As it stands now, the new U.S. Space Force has one member: its commander, Space Force Gen. John W. Raymond. But there will be more — enlisted, commissioned officers and civilian members will be part of the new force before the end of the year.
Those who are currently assigned to, but aren't members of the Space Force say bringing aboard new personnel will take some time to get right.
"The commissioning and enlistment and appointment of officers and enlisted members of a military service, much of that is controlled by law, statute and Congress," said Air Force Lt. Gen. David D. Thompson, vice commander of U.S. Space Force, during a Feb. 5 discussion at the Pentagon. "That's the first part. We need to go through a process with Congress to have them authorize, provide authorization for specific names and specific individuals to transfer into that service. And we are working with Congress on that right now, and that will take a little bit of time."
Thompson also said that, similar to the other military services, those who commission or enlist have expectations regarding benefits, pay and other things. Those details haven't yet been worked out for the Space Force, he said, but they have to be in place before new members can come aboard.
"The last thing we want to have happen as we go through this process with excitement and enthusiasm and people are happy, ... but then they don't get paid."
Air Force Maj. Gen. Clint E. Crosier, director of the U.S. Space Force planning office, explained in more detail the significance of transferring from an existing service into the new service.
"We want to be very deliberate about the transfer process," Crosier said. "The transfer piece involves raising your right hand — because, literally, our enlisted members are terminating their enlistment in the U.S. Air Force or Army or Navy and enlisting in the Space Force. And our officers are resigning their commissions. That's a very formal process."
Changes regarding financial management, personnel systems and even the Uniform Code of Military Justice will all need to be addressed before new members can come aboard, he said, so that when people formally leave their prior service and come into the Space Force, everything is ready for them and it's a smooth transition.
Eventually, the Space Force will recruit new members directly from the civilian world. But initially, Crosier said, Space Force will fill its ranks with personnel who transfer in from the Air Force, the Army or the Navy. That mix of cultures will mean the new service will need a plan to ensure that personnel coming in are treated equally, he noted.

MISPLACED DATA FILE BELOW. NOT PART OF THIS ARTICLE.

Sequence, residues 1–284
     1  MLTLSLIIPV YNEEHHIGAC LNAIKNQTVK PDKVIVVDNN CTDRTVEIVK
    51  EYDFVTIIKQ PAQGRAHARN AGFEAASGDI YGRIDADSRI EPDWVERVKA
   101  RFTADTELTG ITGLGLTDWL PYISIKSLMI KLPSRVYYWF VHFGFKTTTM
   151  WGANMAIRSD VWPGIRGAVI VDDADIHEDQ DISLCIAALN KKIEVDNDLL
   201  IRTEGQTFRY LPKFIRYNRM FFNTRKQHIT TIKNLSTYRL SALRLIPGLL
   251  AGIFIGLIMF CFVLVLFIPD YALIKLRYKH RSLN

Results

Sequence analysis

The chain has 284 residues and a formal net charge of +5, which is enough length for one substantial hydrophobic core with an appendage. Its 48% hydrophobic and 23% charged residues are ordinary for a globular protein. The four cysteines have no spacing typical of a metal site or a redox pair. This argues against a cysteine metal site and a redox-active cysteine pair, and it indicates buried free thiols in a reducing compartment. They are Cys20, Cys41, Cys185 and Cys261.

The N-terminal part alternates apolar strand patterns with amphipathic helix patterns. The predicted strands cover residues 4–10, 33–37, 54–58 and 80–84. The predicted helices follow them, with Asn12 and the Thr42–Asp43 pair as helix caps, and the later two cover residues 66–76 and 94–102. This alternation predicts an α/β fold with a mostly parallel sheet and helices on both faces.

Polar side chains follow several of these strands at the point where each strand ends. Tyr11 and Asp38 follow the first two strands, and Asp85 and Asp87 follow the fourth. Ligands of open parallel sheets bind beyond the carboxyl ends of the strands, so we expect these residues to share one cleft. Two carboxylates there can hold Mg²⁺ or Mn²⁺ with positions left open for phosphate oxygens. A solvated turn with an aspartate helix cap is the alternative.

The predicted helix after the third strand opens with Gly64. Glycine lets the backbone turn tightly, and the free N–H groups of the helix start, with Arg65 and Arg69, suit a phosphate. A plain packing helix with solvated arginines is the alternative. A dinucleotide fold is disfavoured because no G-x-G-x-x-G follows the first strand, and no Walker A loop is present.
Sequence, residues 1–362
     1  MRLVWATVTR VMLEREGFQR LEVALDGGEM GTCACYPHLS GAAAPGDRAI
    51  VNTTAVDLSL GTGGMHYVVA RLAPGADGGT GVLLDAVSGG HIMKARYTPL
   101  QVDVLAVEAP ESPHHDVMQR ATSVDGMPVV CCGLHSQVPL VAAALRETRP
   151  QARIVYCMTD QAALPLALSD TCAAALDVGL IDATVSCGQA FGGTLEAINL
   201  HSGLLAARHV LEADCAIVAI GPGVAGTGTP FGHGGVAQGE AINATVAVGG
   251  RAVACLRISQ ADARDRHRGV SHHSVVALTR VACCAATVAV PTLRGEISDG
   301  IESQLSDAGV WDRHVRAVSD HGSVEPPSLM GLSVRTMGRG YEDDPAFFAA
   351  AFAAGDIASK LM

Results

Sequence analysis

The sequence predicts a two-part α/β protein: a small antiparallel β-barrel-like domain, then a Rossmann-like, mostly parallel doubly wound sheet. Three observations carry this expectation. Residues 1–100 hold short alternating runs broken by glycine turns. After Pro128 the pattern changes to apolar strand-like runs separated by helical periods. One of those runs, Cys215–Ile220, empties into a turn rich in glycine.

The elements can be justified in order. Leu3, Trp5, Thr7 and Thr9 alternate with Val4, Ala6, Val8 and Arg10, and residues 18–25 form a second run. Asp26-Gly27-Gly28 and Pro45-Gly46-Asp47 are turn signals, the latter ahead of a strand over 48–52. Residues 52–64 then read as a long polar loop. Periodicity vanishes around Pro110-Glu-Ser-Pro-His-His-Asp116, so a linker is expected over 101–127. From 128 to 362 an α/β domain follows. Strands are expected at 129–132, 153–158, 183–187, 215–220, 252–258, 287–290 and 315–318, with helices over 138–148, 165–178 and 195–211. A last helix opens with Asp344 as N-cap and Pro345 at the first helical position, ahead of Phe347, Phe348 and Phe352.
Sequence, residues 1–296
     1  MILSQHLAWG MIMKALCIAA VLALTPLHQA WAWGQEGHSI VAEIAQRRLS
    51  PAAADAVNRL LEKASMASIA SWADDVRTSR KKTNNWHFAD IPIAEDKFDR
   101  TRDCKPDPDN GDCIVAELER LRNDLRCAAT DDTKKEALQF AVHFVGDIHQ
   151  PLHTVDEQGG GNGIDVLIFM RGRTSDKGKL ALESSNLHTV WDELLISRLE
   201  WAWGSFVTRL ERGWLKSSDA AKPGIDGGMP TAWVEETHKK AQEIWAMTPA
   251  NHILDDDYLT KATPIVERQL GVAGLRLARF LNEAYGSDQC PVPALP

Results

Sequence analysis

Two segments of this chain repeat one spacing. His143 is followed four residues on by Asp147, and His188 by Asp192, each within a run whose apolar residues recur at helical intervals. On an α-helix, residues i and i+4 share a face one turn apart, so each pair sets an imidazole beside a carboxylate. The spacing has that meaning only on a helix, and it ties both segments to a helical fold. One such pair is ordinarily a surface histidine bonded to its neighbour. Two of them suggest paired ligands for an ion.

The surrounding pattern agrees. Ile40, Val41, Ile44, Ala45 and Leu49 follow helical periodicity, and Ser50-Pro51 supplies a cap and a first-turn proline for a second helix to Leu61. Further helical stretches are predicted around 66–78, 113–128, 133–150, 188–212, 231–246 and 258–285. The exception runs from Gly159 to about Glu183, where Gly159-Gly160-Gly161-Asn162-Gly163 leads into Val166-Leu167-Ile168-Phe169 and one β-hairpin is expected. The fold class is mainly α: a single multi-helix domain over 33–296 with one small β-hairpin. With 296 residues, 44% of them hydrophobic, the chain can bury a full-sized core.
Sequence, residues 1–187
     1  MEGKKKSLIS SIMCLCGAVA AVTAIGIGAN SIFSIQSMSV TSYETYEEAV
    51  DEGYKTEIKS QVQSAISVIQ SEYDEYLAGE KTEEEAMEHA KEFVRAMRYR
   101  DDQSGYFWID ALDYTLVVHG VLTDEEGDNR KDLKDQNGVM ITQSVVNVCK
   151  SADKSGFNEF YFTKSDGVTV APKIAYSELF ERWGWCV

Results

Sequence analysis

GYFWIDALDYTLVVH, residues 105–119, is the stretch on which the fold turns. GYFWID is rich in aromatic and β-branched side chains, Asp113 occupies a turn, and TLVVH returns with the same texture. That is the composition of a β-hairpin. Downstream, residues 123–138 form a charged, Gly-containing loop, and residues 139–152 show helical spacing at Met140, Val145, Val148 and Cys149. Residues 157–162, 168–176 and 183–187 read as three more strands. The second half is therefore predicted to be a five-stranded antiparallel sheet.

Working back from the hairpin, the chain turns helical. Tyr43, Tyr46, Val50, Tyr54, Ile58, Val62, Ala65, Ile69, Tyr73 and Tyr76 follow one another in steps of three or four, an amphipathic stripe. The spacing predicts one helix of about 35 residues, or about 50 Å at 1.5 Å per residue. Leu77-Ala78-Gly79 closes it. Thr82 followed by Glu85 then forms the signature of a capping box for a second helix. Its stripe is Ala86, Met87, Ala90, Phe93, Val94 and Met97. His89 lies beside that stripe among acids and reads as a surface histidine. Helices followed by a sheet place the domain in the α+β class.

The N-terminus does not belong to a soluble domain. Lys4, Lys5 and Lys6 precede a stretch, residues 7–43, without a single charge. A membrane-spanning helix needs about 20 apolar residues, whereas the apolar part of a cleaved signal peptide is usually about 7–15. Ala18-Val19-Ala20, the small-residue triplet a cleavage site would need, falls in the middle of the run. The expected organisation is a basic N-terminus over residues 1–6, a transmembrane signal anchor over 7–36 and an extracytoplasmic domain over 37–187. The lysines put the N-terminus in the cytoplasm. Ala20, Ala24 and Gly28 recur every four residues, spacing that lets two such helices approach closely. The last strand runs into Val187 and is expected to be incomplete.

"You can imagine then — fast forward to a time in the future where I hold my first promotion board and I have ex-naval officers and ex-Army officers and ex-Air Force officers all meeting a common promotion board and ensuring I have fair and equitable way to run that board so that everybody has a fair chance of getting promoted," Crosier said.
Air Force personnel will be the first to transfer into the Space Force in fiscal years 2020 and 2021. Thompson said all of the Air Force's space operations capabilities will transfer into the Space Force. Ultimately, officers and enlisted personnel currently involved in things such as space operations, space intelligence, space acquisition, space engineering, space communications and space cyber may transfer into the Space Force.
After that, Crosier said, the new service will do the planning to account for the different cultures, different promotions processes and different training processes that incoming personnel from the other services are familiar with.
"So that when we are ready to ask Army and Navy folks to raise their right hand and transfer, that we have got all those pieces in place," Crosier said.
One thing unknown now, Thompson said, is what members of the Space Force will be called. Already, the U.S. military has soldiers, sailors, airmen and Marines. But Space Force has yet to decide what it will call its own personnel.
"We are taking steps to broaden our aperture and bring in a larger set of groups," Thompson said. The Space Force is looking to Defense Language Institute, the language department at the Air Force Academy, and other English and language centers, as well as to its own people, to come up with the best possible suggestions for names, he added.
The service has "a couple of really strong options on what we might be called, and some pretty strong opinions," Thompson said. "But what we would like to do is ensure we've thought as broadly as we can, gotten the opinions of the people who matter ... and considered as best as we can what that ought to be, before we land on an answer."